Every era in sport has a beginning and an end. The transition or the changing of the guard is often spoken of with great excitement on one hand and a feeling of abandonment on the other. It does however instill new life into the sport in question and with it, brings new young fans that are drawn to the stars. The recently concluded US Open Tennis Championship saw two of the “Big Four”, Roger Federer & Novak Djokovic battle it out once again for Men’s Singles honours. The Big Four of the Tennis world have won 42 of the last 48 Grand Slams since 2004 and managed to only give the hungry posse of young stars a mere sniff of any vulnerability that surrounds them. The same can be said of the World Cup winning Australian Cricket Team who often see their best players debut past the age of 30 and yet deliver results that fledgling aspirants can only dream of. To the naked eye, the game of golf in comparison is perhaps a lot less physically demanding and less age dependent.
The world of Golf has witnessed a rapid change and a seismic shift to a power-game is clearly evident. We have – over the last 12 months – witnessed one of the most transformational years in recent golf history. The rise of new golfers with incredible mental strength and offensive game-play have emerged on the scene and usurped the very players they have perhaps modeled their game on, like Tiger Woods. Players are fitter, leaner and younger. The winning combination of longer courses with modern clubs & balls means that striking the ball 340 yards off the tee is no longer freaky and rare. And the ability to steal the best part of an idol’s game is now a video analysis or 3D Swing Motion Sensor session away. Didn’t Pablo Picasso once say, “Good artists borrow, but great artists steal”.
The world of Golf has witnessed a rapid change and a seismic shift to a power-game is clearly evident
Away from Tiger’s struggles or Rory’s tantrums, there is already a shift towards the new crop of players, who are on the move. What’s different this time around is that the depth to the field is greater than ever, with the impressive 20-somethings of Fowler & Matsuyama to Patrick Reed & Horschel always in the hunt.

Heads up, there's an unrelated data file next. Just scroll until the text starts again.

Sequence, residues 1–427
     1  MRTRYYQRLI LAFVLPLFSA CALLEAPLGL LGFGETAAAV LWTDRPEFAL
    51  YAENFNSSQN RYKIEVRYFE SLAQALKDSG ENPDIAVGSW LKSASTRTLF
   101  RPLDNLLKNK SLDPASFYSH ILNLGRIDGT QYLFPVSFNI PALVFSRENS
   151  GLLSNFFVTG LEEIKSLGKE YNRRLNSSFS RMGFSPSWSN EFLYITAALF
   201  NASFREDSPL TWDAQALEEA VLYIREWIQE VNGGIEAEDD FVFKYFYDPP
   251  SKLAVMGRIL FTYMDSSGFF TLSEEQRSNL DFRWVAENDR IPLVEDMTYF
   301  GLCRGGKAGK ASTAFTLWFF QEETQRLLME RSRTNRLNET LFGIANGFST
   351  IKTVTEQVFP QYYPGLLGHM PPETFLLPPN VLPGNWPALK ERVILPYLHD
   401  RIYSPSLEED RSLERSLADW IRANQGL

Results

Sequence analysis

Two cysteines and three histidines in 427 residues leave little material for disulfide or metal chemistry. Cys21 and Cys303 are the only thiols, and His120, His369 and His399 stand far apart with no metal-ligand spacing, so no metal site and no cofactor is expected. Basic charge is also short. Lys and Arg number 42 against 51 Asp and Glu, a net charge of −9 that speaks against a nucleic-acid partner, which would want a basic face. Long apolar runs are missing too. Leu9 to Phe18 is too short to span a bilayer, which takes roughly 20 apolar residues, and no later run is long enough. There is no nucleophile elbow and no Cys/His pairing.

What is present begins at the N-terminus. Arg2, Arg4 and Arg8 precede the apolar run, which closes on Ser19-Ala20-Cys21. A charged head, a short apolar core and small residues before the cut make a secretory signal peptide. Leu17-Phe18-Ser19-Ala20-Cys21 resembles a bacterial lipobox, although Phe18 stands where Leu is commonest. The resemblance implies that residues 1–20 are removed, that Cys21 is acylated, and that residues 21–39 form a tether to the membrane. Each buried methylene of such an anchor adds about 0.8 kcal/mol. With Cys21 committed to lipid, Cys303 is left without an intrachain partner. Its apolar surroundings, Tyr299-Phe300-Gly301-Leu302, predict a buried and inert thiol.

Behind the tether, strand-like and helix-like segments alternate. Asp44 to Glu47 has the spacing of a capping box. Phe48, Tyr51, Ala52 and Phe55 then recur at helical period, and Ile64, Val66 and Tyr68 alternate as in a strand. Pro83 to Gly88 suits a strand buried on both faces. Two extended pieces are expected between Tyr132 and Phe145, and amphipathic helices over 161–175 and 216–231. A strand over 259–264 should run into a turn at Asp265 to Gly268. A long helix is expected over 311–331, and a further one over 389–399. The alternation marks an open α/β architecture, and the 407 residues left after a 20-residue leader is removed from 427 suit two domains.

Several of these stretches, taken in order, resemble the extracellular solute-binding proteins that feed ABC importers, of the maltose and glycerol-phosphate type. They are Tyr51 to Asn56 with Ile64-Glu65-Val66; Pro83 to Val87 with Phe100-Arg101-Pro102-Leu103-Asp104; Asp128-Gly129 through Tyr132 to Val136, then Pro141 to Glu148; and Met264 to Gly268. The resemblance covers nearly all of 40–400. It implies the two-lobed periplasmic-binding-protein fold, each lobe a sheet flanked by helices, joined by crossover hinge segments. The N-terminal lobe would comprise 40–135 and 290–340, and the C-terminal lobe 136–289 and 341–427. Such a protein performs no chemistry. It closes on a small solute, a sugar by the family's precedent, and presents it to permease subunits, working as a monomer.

Rivalries often outline sport and it might be unreasonable to find any likeness to the past of Palmer vs Nicklaus, but Spieth & Rory who hold all the Majors between them, have set themselves apart from the pack, reignited great interest and obliterated the stigma once again among the new generation, that Golf is just an old man’s game!
“A sureshot sign of the transition is even a look at the EA Sports Golf game for instance where Tiger makes way on the cover for the first time in 15 years,” chuckles PGTI player Sandeep Syal. “The change is honestly great and it has resonated into India with players wanting to get fitter & stronger. The kids I’m coaching too have multiple role models to watch & emulate for the first time, from this current crop of the rising stars.”
Rory McIlroy at 26 has already banked 4 Majors, Jordan Spieth at 22 and just 32 weeks into professional golf became the second youngest World No. 1, while Jason Day at 27 proved he was no slouch by holding off Spieth to win the PGA Championship. At 1-2-3 in the rankings today, it’s the first time in over 15 years & since Tiger-Duval-Els, that the world’s top 3 golfers are in their 20s.
Suhail Chandhok is an avid Golfer & currently one of India’s leading Sports Presenters & Commentators having worked on properties such as the ICC Cricket World Cup 2015, Pro Kabaddi League, Hero Indian Super League, Hero Hockey India League and the global FIA Formula E Series over the past year.